Microsclerotherapy
(spider-vein removal)

Sclerotherapy treatment was developed in the 1920s for the treatment of varicose veins. This was refined for the treatment of thread veins, and this is what we now call microslerotherapy. Micro simply refers to the very small veins targeted by this procedure. Both these treatments are now very popular and successful.

Microsclerotherapy is the technique of injecting thread veins with a special substance known as a sclerosant, usually a solution called sodium tetradecyl sulphate that causes swelling in the veins wall. If the vein is small enough, the swelling will destroy the vein over several weeks, making it much less noticeable or even invisible. It is mostly used on legs and other thread veins on the body but is rarely used on the face. In practice, most people require between 2 and 6 treatments at 4 to 8 week intervals, depending on the size of the veins.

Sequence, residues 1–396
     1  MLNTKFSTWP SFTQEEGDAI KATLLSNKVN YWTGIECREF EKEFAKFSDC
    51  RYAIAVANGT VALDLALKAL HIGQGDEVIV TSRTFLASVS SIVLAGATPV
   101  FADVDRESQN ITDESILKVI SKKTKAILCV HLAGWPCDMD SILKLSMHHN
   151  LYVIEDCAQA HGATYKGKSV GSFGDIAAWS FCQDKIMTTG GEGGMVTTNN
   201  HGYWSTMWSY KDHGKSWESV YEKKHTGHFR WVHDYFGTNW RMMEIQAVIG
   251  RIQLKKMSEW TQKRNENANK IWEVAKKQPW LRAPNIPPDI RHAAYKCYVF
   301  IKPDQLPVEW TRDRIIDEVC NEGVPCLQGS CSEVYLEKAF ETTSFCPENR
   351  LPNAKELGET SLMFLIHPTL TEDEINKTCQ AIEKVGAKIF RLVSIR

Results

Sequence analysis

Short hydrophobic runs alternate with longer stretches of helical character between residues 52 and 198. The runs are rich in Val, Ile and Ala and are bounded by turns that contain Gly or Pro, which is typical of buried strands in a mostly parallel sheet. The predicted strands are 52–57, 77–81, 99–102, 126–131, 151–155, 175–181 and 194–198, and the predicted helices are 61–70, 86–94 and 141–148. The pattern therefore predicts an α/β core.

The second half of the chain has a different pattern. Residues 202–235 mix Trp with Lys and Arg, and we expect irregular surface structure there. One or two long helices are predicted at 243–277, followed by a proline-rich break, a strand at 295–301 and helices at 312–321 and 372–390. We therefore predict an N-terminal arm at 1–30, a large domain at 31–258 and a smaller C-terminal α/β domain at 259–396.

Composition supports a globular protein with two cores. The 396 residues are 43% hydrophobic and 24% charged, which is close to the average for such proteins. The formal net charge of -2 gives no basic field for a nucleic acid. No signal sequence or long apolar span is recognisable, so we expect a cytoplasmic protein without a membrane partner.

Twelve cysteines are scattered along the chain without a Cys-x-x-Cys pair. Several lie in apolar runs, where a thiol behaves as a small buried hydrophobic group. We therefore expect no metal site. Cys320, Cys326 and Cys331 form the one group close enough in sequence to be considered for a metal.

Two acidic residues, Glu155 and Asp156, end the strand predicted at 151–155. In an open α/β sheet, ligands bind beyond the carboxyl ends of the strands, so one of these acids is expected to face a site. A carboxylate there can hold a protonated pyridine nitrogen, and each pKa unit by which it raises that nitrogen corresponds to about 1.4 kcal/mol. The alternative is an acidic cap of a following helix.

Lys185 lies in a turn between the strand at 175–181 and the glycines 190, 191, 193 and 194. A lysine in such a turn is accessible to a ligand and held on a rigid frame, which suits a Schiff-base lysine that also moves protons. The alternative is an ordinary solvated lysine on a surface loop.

There is usually minimal or no discomfort during microsclerotherapy injections due to the size of the needle and the superficial injection technique.

Following injections, a swab may be taped over the treated area, and often a special bandage and compression stocking is applied which may be worn for several days to help assist shrinkage of the thread veins. A single blood vessel may have to be injected more than once, depending on its size.

It is common for around 75 percent or more of your veins to vanish, but you should be aware that 100 percent disappearance of all veins may not be achievable.